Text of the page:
Best non fiction Books for Teens
The YALSA Award for Excellence in Nonfiction honors the best nonfiction book published for young adults (ages 12-18) during a November 1 – October 31 publishing year. The award winner will be announced annually at the ALA Midwinter Meeting Youth Media Awards, with a shortlist of up to five titles named the first week of December.
Seals for the winning titles, finalist titles, and nominated titles can be purchased from the ALA Online Store.
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Bomb: The Race to Build - and Steal- the World's Most Dangerous Weapon, written by Steve Sheinkin and published by Flash Point/Roaring Brook Press, an imprint of Macmillan Children’s Publishing Group.
In this suspenseful combination of science and history, Sheinkin masterfully exposes the international race to develop an atomic weapon and bring an end to World War II. This true-life spy thriller features an international cast of characters and will keep readers on the edge of their seats. Period photographs of key players and an abundance of primary sources bring this well-researched story to life. Sheinkin gives readers insight into what happened with all of the major players after the end of the war. A thought-provoking epilogue on the long term implications of atomic weaponry reminds readers that the results of scientific inquiry have long term implications for everyone.
“In readability, documentation and presentation, Bomb exemplifies the highest quality in nonfiction for young adults, and it as suspenseful as an international spy thriller, ” said YALSA Nonfiction Award Chair Angela Frederick.
Steve Jobs: The Man Who Thought Different, a biography by Karen Blumenthal and published by Feiwel & Friends, an imprint of Macmillan Children’s Publishing Group.
Equally reviled and revered--often by the same people--Steve Jobs, the man who operated from his own "reality distortion field, " was an extraordinary "tweaker" who transcended the visionary to perfect the simple and transform the world as we know it. Skillfully crafted and meticulously researched, Blumenthal’s accessible biography presents an intimate and fully dimensional portrait of a complex American icon and the multiple trajectories of influence on our technological paradigms that define his enduring legacy.
Moonbird: A Year on the Wind with the Great Survivor B95, written by Phillip Hoose published by Farrar Straus Giroux, an imprint of Macmillan children’s Publishing Group.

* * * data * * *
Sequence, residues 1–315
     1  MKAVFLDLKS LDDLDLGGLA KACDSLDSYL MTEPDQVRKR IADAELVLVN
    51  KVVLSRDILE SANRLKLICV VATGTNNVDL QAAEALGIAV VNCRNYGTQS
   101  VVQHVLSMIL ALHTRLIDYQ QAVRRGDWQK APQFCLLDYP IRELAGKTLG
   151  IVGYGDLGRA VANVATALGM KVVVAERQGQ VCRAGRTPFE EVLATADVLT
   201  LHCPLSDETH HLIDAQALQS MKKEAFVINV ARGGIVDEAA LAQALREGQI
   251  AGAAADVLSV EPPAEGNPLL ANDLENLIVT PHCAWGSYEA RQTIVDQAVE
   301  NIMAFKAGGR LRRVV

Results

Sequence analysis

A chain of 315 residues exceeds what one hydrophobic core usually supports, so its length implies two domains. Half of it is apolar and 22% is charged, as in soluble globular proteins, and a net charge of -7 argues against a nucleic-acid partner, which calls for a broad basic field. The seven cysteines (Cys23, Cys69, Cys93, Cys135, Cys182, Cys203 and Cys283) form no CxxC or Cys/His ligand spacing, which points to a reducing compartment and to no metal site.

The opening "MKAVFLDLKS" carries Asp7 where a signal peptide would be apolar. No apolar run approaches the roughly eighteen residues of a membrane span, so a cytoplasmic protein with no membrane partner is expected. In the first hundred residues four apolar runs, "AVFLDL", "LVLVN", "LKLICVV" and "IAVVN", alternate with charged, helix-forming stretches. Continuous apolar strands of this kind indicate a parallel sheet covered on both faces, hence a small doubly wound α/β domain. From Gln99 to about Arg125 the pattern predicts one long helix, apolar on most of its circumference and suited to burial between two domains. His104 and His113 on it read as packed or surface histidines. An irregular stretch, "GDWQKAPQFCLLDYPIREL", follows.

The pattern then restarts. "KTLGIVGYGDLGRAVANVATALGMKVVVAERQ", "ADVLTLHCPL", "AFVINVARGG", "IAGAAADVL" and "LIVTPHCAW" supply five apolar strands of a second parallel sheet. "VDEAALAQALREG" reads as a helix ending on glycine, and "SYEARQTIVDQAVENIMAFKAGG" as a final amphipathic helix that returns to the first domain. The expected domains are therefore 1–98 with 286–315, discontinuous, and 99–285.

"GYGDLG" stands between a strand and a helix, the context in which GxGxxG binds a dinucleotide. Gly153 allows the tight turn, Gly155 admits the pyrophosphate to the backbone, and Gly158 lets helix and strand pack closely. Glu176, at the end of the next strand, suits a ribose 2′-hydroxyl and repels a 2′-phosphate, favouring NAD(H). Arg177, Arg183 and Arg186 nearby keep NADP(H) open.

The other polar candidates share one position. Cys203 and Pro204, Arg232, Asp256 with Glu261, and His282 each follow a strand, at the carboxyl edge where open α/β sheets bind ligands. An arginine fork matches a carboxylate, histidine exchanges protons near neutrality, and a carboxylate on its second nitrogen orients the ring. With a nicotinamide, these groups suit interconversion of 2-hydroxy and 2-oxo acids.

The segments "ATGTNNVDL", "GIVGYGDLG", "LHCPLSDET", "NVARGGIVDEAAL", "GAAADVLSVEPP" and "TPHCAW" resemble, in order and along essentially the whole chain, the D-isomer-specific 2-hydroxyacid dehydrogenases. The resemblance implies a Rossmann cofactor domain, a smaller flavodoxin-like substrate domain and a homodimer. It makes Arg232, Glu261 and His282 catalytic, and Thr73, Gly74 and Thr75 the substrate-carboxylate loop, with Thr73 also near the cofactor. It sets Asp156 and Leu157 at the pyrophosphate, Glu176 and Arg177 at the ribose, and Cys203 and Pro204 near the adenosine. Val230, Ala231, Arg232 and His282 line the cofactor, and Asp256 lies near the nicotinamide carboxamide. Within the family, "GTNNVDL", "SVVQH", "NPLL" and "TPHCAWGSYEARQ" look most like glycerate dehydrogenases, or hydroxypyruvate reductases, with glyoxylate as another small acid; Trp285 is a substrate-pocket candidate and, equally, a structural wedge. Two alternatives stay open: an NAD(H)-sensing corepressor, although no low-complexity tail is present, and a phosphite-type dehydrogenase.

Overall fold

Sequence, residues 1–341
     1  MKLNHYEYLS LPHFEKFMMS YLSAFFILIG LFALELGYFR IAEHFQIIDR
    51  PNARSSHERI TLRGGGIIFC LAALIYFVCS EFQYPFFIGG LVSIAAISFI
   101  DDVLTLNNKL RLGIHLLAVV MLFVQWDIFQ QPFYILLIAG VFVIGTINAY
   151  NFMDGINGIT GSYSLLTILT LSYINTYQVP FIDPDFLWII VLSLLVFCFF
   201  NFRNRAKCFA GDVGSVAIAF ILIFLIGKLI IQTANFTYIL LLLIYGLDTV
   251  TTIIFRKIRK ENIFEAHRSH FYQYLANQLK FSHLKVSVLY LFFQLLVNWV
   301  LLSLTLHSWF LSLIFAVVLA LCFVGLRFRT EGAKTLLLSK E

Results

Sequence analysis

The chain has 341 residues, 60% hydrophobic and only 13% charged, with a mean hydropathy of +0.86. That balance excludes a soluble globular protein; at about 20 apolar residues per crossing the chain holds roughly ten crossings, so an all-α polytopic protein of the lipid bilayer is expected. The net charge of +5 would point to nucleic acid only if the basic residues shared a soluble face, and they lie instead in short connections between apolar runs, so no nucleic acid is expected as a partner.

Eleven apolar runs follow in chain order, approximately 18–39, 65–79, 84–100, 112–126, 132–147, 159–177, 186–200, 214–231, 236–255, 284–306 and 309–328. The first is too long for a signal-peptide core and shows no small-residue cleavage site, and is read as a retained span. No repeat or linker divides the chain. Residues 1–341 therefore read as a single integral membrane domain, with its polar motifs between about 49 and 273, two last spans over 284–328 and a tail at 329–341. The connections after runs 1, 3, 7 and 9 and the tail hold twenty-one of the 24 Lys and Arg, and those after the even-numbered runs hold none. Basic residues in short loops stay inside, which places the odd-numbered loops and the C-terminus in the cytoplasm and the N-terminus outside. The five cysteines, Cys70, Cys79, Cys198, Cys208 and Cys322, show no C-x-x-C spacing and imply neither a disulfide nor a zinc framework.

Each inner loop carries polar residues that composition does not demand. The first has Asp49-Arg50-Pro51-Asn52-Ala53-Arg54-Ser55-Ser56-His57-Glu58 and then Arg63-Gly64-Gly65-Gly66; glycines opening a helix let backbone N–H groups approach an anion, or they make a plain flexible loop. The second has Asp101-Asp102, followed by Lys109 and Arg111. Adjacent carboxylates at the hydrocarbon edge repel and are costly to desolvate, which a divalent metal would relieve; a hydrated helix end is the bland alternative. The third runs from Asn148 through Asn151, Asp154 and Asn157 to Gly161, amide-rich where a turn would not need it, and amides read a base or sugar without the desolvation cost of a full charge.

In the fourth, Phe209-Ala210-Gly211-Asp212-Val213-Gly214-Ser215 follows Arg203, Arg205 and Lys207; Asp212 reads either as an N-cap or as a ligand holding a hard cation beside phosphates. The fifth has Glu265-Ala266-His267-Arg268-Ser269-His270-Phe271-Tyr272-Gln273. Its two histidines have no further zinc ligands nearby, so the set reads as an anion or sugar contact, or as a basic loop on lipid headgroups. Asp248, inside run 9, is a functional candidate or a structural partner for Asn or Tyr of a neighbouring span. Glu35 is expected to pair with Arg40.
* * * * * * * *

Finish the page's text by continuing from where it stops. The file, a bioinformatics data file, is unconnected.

Moonbird is a fascinating look at the life of rufa red knots in general and B95, one long-lived and tough little bird in particular, and the worldwide efforts to understand and save this subspecies of bird from extinction. Through maps, photos, and descriptions of his journey, the reader will fly with B95 from near the bottom of the world to the top and back again.
Titanic: Voices from the Disaster, written by Deborah Hopkinson, published by Scholastic Press, an imprint of Scholastic.
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Summer reading in retrospect2010-09-22 16:05:49 by Frog_Barf
One book and one series of books stand out from the many I've read this past summer. Perhaps other boomers are familiar with these, too?
The one book is The Best of Cordwainer Smith, a book club anthology of tales by a long dead SF writer who was at his prime in the 1950s and 1960s. I first read many of these back when they were new or nearly new, but being young and callow then, was not tuned in to their poetic character. Unlike a great deal of older SF, these have not dated. They are as good as they ever were, perhaps even better for having withstood the test of time
Reading list2006-07-18 11:38:43 by chinacat
I'd start with just about anything by Charles DeLint - he's a modern/urban spinner of fairy tales who covers runaways, abusive parents, and a ton of teen topics without ever feeling like a 'young adult' book. he has several collections of short stories that you can start with.
Ditto with Mercedes Lackey - she's another author who deals with it all on a level that makes it equally approachable to both teens and adults - and her stuff is readily available at used book stores.
Andrew Vachss's 'another chance to get it right' is a must - it deals with some of the hardest topics a counselor can face in a really clear manner
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